NASA beams Mona Lisa to Lunar Reconnaissance Orbiter at the moon (w/ video)

Jan 17, 2013 by Nancy Neal-Jones / Elizabeth Zubritsky
To clean up transmission errors introduced by Earth's atmosphere (left), Goddard scientists applied Reed-Solomon error correction (right), which is commonly used in CDs and DVDs. Typical errors include missing pixels (white) and false signals (black). The white stripe indicates a brief period when transmission was paused. Credit: Image courtesy: Xiaoli Sun, NASA Goddard

(Phys.org)—As part of the first demonstration of laser communication with a satellite at the moon, scientists with NASA's Lunar Reconnaissance Orbiter (LRO) beamed an image of the Mona Lisa to the spacecraft from Earth.

The iconic image traveled nearly 240,000 miles in digital form from the Next Generation Satellite Ranging (NGSLR) station at NASA's Goddard Space Flight Center in Greenbelt, Md., to the Lunar Orbiter (LOLA) instrument on the spacecraft. By transmitting the image piggyback on laser pulses that are routinely sent to track LOLA's position, the team achieved simultaneous laser communication and tracking.

"This is the first time anyone has achieved one-way laser communication at planetary distances," says LOLA's principal investigator, David Smith of the Massachusetts Institute of Technology. "In the near future, this type of simple laser communication might serve as a backup for the radio communication that satellites use. In the more distant future, it may allow communication at higher data rates than present radio links can provide."

Typically, satellites that go beyond use for tracking and communication. LRO is the only satellite in orbit around a body other than Earth to be tracked by laser as well.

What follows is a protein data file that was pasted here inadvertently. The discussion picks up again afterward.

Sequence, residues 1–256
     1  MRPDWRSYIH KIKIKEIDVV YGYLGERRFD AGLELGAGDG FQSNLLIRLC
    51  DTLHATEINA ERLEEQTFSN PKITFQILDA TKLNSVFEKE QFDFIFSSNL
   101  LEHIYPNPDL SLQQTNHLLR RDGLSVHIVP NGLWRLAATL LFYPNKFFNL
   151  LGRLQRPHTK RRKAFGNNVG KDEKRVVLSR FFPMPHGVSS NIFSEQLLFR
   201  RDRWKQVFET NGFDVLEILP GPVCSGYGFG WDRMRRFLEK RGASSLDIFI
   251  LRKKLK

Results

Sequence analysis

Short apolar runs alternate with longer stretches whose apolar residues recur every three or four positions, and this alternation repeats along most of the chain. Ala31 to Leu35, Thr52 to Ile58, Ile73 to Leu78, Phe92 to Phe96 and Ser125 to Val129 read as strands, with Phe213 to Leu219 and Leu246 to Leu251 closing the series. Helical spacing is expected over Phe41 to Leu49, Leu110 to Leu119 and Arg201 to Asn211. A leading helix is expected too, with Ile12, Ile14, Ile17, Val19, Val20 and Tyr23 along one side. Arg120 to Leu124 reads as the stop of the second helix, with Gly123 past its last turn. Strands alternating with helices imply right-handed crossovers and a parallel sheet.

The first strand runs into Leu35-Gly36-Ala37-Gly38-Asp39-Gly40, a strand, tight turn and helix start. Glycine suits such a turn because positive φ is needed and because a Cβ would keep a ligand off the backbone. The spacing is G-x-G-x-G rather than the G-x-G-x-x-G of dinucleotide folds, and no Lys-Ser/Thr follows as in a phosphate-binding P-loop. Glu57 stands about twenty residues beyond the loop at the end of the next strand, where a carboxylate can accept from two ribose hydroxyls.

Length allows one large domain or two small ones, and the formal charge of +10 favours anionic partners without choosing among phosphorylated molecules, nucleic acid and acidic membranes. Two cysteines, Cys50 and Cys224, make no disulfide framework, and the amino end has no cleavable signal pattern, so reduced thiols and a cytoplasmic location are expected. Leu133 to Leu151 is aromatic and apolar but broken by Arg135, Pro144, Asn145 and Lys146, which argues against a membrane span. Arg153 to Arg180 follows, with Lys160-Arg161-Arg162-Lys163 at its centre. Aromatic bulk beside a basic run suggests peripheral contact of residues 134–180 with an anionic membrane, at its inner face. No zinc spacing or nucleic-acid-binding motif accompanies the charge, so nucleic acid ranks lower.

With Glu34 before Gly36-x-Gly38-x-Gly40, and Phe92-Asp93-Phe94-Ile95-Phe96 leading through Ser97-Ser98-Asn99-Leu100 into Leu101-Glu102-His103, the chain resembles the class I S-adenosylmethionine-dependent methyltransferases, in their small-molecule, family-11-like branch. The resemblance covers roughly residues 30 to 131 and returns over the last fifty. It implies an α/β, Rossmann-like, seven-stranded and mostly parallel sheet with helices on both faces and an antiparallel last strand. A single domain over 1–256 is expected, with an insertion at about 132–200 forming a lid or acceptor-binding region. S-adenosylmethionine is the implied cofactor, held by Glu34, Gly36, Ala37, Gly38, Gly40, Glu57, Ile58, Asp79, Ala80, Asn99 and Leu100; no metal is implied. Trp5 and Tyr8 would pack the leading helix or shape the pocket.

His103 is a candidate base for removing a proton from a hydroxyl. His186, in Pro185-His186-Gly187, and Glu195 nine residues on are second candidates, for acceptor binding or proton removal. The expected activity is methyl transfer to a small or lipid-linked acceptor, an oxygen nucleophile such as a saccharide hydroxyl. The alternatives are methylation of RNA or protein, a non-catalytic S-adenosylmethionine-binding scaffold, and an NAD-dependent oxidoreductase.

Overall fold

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NASA Goddard scientists transmitted an image of the Mona Lisa from Earth to the Lunar Reconnaissance Orbiter at the moon by piggybacking on laser pulses that routinely track the spacecraft. Credit: NASA's Goddard Space Flight Center

"Because LRO is already set up to receive laser signals through the LOLA instrument, we had a unique opportunity to demonstrate one-way laser communication with a distant satellite," says Xiaoli Sun, a LOLA scientist at NASA Goddard and lead author of the paper, posted online today, that describes the work.

Precise timing was the key to transmitting the image. Sun and colleagues divided the image into an array of 152 pixels by 200 pixels. Every pixel was converted into a shade of gray, represented by a number between zero and 4,095. Each pixel was transmitted by a laser pulse, with the pulse being fired in one of 4,096 possible time slots during a brief time window allotted for laser tracking. The complete image was transmitted at a data rate of about 300 bits per second.

The laser pulses were received by LRO's LOLA instrument, which reconstructed the image based on the arrival times of the from Earth. This was accomplished without interfering with LOLA's primary task of mapping the moon's elevation and terrain and NGSLR's primary task of tracking LRO.

The success of the laser transmission was verified by returning the image to Earth using the spacecraft's radio telemetry system.

Turbulence in Earth's atmosphere introduced transmission errors even when the sky was clear. To overcome these effects, Sun and colleagues employed Reed-Solomon coding, which is the same type of error-correction code commonly used in CDs and DVDs. The experiments also provided statistics on the signal fluctuations due to Earth's atmosphere.

"This pathfinding achievement sets the stage for the Lunar Laser Communications Demonstration (LLCD), a high data rate laser-communication demonstrations that will be a central feature of NASA's next moon mission, the Lunar Atmosphere and Dust Environment Explorer (LADEE)," says Goddard's Richard Vondrak, the LRO deputy project scientist.

The next step after LLCD is the Laser Communications Relay Demonstration (LCRD), NASA's first long-duration optical communications mission. LCRD will help develop concepts and deliver technologies applicable to near-Earth and deep-space communication.

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baudrunner
1 / 5 (2) Jan 17, 2013
Eventually, this will lead to quantum communication - teleportation of information using photon entanglement. Undelayed live communication from Jupiter? Yes, someday. Baby steps, then leaps and bounds.
Telekinetic
1 / 5 (1) Jan 17, 2013